Richard Wilbur has some free advice for the actors who open in the St. Louis Shakespeare production of Molière's The School for Wives this weekend. "Speak naturally," he cautions during a phone conversation from his Massachusetts home. "Even when Molière's characters are witty and artificial, their speeches tend to be more conversational than stilted. An actor needs to acknowledge the rhymes without hitting them too hard."
Wilbur should know whereof he speaks: For the past half-century, his translations of Molière's classic comedies have enjoyed international success and acclaim. As recently as this past season, his Tartuffe once again was a New York hit. When Wilbur's version of The School for Wives was first produced on Broadway in 1971, it was the only nonmusical that season to receive unanimous rave reviews. Its star, Brian Bedford, credited the production's commercial success to the fact that "Wilbur has written a very contemporary play. His contribution is almost as great as Molière's."
Yet professional productions were the last thing Wilbur sought when he first tackled Molière's The Misanthrope in 1952. He was a graduate student at Harvard; the translation was simply an exercise in how to write a verse play. But both The Misanthrope and the Tartuffe that followed were so "surprisingly well received" that Wilbur never got around to writing his own play. Instead, his mission became to compose "workable, actable and faithful English translations" of Molière.
While to most theatergoers Molière is little more than an amorphous name synonymous with barbed comedy, to Wilbur Molière is a presence. "I certainly have a strong illusion that I know the man," the translator confirms. "To me he was a vibrant personality with decided prejudices and preferences. As I worked on his plays, I would read the occasional book of French history to get a feel for the period. But really, my eyes were always on the play itself, and on the understanding of its characters by means of what they said." What they say is usually funny and surprisingly identifiable.
Wilbur, of course, is not solely, or even primarily, a translator. He is also a distinguished, Pulitzer Prize-winning poet. In 1988 he was appointed by the Librarian of Congress to a one-year term as the United States' Poet Laureate Consultant in Poetry. As Wilbur explains, the poet laureate then uses his "outrageous title" to serve as a highly glorified front man for the Library of Congress, "a wonderful outfit," while doing his utmost to steer clear of Washington politics.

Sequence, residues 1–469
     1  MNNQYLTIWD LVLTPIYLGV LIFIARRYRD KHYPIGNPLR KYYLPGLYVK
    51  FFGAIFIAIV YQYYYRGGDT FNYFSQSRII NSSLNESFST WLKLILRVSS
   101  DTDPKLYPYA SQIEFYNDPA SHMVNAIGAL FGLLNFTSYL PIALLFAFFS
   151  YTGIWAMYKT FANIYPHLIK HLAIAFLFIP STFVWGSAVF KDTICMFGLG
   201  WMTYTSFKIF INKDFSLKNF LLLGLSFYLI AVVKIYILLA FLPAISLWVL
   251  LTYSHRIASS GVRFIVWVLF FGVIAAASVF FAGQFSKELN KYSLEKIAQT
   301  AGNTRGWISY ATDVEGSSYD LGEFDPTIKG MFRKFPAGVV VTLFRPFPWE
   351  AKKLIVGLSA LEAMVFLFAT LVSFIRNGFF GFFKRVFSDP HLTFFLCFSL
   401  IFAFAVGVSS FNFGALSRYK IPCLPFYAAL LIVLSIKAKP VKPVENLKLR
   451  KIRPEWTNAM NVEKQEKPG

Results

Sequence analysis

"I think one feels in the job of poet laureate that one is a servant, not of the party in power, but of the electorate," Wilbur says. "One represents all the people in America who can put up with poetry. People used to ask me, 'Why don't you write loyal, patriotic poems for public occasions?' I would answer by quoting my predecessor, Robert Penn Warren. He said he was damned if he was going to write any get-well-quick poems for Ronald Reagan's sick horse."
At age 81, Wilbur still writes poetry, "not as often as I used to, but in my always slow way, I'm continuing to work, and I wouldn't know myself if I weren't doing so." But this week and next, local theatergoers will be rejoicing in the iambic pentameter of Wilbur the translator, not the poet. Nearly 350 years after it was written, The School for Wives is still a devastating satire about the futility of selfish calculation.
"If it's done right, I think that people will respond with remarkable ease to Molière's rhymed comic verse," Wilbur says. "They'll find a lot to laugh at and a lot to laugh with. In this respect, little has changed since the seventeenth century: A distorted personality who tries to impose his wishes onto others can still disrupt the world."
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